The Gift from Danielle Steel

a home in a 1950s midwestern town is in center of dust jacket
Country scene isn’t typical for  Danielle Steel novel.

The Gift is a radical departure for famed romance-writer Danielle Steel. There’s some romance in it, but it’s almost a coming-of-age tale set in the 1950s.

When Maribeth Roberson’s father refuses to let her go to the sophomore prom in a sexy dress, she changes clothes and goes with a jerk she scarcely knows.

When the jerk gets drunk, a handsome senior gives her a ride home. He takes advantage of Maribeth’s naiveté.

Sixteen and pregnant, Maribeth leaves home. She gets off the bus in an Iowa town, gets a job waitressing, hoping to earn enough pay for the baby’s delivery. She wants to give the baby up for adoption, then go to college.

Maribeth becomes friends with 16-year-old Tommy Whittaker who eats most nights at the restaurant. Home is too depressing since his younger sister’s death. After 22 years of marriage, his parents seem to have lost all interest in each other and him.

Steel’s organization of her story makes the ending too predictable for the novel to rate an A, but the characters in The Gift come across as real people. There’s not a Hermes handbag to be seen anywhere.

And Steel doesn’t glue a happy ending on her story. She just gives glimmers of hope for the Whittakers and Maribeth.

That ending feels exactly right.

The Gift by Danielle Steel
Delacourt Press. ©1994. 216 p.
1994 bestseller #04; my grade: B+

©2020 Linda G. Aragoni

Vein of Iron pulses with unsentimental goodness

The Fincastle family of Ironside is what, in the early 1900s was referred to as “salt of the earth folks.”

Poor, hardworking, highly principled, they can be counted on to tend the sick, comfort the dying, stick up for the outcast.

Vein of Iron  by Ellen Glasgow

Harcourt, Brace, 1935. 462 pages. 1935 bestseller #2. My Grade: B.

1930's commercial street  scene is on cover of paperback edition of Vein of Iron The boy Ada Fincastle plans to marry, Ralph McBride, is accused of getting a local girl pregnant. The families force Ralph to marry her.

Awaiting a divorce, Ralph entices Ada to spend a weekend with him before he is sent off to France.

Ada goes through the disgrace of an unwed pregnancy.

After the Armistice, they marry.

The family, including Ada’s father and her aunt, moves from Ironside to a poor section of Queenborough. They have money saved toward a home when Ralph has a car accident.

The household is just beginning to recover from that crisis in 1929 when the stock market crashes.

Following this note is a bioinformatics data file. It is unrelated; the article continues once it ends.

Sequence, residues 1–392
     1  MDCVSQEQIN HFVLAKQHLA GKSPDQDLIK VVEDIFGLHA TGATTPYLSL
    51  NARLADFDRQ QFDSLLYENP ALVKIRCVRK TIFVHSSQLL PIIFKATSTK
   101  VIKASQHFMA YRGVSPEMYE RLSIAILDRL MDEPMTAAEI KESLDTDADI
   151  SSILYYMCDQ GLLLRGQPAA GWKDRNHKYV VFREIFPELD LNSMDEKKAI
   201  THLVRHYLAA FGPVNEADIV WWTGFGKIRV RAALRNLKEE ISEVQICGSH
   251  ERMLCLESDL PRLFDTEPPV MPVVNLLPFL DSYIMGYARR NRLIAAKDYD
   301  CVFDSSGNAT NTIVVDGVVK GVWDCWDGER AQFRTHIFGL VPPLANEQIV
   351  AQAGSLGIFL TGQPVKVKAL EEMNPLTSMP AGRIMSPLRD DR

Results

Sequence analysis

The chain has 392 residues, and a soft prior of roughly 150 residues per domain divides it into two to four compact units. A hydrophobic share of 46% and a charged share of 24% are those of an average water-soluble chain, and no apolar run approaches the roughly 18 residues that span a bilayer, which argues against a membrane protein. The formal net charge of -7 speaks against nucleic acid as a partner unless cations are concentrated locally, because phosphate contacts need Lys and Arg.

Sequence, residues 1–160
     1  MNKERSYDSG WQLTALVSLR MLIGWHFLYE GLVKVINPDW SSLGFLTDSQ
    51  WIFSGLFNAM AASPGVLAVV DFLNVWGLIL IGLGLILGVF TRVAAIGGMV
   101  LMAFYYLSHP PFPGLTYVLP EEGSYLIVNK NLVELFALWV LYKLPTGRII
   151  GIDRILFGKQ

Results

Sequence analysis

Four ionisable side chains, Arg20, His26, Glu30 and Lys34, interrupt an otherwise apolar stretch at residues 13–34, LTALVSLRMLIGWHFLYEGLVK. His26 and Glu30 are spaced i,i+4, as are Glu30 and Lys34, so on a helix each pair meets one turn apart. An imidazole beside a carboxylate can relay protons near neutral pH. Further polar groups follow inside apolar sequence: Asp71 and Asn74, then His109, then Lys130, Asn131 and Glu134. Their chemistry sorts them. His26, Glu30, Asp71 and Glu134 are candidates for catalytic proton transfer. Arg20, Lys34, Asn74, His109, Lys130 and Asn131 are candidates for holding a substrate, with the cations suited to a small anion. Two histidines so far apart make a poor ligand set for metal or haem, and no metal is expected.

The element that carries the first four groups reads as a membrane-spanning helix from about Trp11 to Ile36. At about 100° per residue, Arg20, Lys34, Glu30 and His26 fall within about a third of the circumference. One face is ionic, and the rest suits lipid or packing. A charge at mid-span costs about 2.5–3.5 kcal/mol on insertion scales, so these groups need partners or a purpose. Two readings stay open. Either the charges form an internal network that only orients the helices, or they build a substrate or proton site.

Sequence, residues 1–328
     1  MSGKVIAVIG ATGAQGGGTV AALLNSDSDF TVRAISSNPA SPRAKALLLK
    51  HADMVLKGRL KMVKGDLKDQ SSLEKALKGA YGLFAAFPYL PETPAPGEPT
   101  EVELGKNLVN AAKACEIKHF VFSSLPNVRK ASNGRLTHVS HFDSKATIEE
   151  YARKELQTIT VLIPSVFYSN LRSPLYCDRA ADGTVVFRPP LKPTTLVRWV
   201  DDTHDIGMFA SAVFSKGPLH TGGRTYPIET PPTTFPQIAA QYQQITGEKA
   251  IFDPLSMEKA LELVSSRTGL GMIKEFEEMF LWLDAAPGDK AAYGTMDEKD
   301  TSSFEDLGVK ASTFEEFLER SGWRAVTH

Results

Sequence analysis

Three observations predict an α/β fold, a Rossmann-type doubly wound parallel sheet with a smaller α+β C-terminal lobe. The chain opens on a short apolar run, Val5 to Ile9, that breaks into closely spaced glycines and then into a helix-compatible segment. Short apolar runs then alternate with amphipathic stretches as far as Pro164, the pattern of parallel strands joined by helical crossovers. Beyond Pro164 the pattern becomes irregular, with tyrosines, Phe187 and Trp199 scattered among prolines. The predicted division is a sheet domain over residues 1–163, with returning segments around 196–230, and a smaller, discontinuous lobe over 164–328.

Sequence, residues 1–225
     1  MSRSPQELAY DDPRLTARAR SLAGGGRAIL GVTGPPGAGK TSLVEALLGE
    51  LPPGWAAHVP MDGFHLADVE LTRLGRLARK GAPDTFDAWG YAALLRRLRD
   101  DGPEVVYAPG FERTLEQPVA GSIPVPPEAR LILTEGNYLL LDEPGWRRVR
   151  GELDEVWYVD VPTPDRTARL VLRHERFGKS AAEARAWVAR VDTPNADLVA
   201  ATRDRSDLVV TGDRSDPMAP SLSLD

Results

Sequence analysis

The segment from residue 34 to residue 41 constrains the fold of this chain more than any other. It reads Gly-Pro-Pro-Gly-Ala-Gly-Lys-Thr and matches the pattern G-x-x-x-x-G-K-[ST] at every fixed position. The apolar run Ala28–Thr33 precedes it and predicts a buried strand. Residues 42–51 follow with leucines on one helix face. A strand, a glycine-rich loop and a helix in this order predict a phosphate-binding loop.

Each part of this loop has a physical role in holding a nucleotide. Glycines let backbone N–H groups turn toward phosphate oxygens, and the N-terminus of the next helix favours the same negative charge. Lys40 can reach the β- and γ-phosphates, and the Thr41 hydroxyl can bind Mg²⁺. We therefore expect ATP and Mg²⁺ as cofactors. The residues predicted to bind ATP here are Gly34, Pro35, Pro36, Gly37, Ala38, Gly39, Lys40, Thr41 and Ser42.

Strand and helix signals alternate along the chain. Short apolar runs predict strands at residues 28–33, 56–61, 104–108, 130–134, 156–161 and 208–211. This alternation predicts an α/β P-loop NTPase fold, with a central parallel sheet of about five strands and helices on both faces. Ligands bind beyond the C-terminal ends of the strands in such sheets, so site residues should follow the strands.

Ada’s father goes home to Ironside to die; the rest of the family go back there to live.

Ellen Glasgow tells the story in an unsentimental, matter-of-fact way that makes it feel like biography. That no-nonsense tone gives the novel authority and power.

You’ll come away respecting the Fincastles rather than loving them — which is precisely as they would have wished.

© 2015 Linda Gorton Aragoni

In Bad Girl is Teen Parents Struggle in Slums

In 1928, someone was “a bad girl” if she had sex before marriage. By that definition, Dot Haley deserves her title role in Vina Delmar’s novel Bad Girl. However, the epithet doesn’t do Dot justice.

A friend sums her up better: “You’re an awful nice kid,” Maude tells Dot, “but you’re a moron.”

Maude got it in one.

Dot meets Eddie Collins at a dance. The first time they have sex, Eddie says he’ll take off work the next day and marry her. When Dot announces her wedding plans, he brother calls her a bum and kicks her out of the apartment.

Dot and Eddie marry. Within weeks she learns she’s pregnant with a child neither she nor Eddie is ready to have.

Dot and Eddie are both back-of-the-room, bottom-of-the-class slum kids. They’ve grown up among adults too worn out from grubbing for a living to even talk to their kids.

If they could talk to each other, there might be hope for Dot and Eddie, but they all they know is lashing out, profanity, and withdrawing into silence.

Delmar swings from Eddie’s thoughts to Dot’s, letting readers see the limits of their adolescent minds. The total effect is morbidly depressing.

Bad Girl
by Vina Delmar
Harcourt, Brace,  1928
275 pages
1928 bestseller  #5
My grade: C+

© 2008 Linda Gorton Aragoni